As IoT assets go through their lifecycles, engaging in proactive state modeling does more than merely help you predict outcomes. The practice can also explain outliers and expose trends, such as why certain parts wear down faster than others. Because they’re living, evolving models, twins help you maintain an accurate image of the best- and worst-case operating states. They also retain their relevance when confronted with changing constraints.
Digital twinning is a prime example of an easy-to-overlook preparatory step that shells out dividends in droves later. For instance, digital twins make perfect venues for preconfiguring advanced IoT elements, such as service quality monitoring routines and connectivity analysis algorithms. By planning and testing such integrations beforehand, you can dramatically minimize lead times. What’s more, all the subscriber needs to do is enable the features that you’ve already programmed in.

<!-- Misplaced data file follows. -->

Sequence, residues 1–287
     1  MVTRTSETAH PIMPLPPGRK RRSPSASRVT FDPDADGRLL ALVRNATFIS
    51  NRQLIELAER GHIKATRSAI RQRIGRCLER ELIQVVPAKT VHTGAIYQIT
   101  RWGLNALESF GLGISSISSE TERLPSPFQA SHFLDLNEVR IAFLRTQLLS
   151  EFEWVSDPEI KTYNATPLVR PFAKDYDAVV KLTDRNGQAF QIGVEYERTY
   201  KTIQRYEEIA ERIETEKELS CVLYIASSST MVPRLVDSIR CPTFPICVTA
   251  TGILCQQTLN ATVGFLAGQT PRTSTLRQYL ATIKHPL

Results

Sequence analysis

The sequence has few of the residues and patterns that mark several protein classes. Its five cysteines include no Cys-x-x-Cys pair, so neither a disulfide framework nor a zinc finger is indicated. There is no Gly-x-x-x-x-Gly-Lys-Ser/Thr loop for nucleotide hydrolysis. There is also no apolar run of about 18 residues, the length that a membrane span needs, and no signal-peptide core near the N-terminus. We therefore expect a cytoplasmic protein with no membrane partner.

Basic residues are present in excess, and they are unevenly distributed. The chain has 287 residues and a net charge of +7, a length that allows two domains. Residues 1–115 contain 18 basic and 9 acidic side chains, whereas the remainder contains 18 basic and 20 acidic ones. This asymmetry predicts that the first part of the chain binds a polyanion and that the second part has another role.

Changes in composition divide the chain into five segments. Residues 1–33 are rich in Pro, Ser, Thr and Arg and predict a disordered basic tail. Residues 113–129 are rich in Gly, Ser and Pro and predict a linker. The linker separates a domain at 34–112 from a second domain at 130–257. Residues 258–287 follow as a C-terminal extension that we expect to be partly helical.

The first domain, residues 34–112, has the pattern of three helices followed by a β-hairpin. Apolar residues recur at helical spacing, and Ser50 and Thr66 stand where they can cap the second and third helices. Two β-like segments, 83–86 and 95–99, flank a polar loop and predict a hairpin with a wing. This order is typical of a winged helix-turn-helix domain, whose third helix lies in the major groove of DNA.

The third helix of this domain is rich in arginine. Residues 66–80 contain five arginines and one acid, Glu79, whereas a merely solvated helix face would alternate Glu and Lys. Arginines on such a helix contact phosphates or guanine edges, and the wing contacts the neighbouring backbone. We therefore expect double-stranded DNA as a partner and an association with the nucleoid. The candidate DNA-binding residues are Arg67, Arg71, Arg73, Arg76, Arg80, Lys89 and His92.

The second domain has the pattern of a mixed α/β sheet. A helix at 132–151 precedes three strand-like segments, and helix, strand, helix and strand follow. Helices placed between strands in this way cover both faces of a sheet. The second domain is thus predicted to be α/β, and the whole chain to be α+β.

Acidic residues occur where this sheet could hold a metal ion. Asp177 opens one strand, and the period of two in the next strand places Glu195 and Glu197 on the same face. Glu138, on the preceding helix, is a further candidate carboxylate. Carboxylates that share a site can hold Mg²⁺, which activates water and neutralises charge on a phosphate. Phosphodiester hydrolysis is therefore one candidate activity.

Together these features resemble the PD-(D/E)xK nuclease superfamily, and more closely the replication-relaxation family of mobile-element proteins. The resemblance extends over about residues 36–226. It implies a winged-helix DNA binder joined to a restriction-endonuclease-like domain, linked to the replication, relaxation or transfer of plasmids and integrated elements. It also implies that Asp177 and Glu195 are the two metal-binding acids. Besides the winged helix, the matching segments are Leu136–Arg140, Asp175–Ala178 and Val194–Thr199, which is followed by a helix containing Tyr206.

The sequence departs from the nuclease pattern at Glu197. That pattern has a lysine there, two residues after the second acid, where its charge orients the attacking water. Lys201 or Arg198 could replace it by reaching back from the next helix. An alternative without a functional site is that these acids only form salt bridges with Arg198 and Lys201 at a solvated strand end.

Hold a Clearer Mirror up to Your IIoT
Digital twinning doesn’t work without comprehensive support systems. For accuracy’s sake, you need a system that securely exposes as much data as possible and helps you sanitize it for your simulation’s consumption.
Digital twins demand continuous updates. It ultimately doesn’t matter whether you’re trying to learn from past failures or draw insights from an exemplary stage of the product lifecycle before implementing a new manufacturing strategy. No matter what you’re up to, your distributed computing backbone must be tough enough to simulate, improve and deploy apps in record time.
Can you afford to leave your stakeholders waiting for viable IoT solutions? With the Davra platform, you never have to because creating digital twins is as easy as building architectures that you once thought impossible. Learn how a healthy IoT ecosystem looks before betting your future on one. Talk to our team about getting your app tested and running in mere weeks.
Davra Storms '19 MQ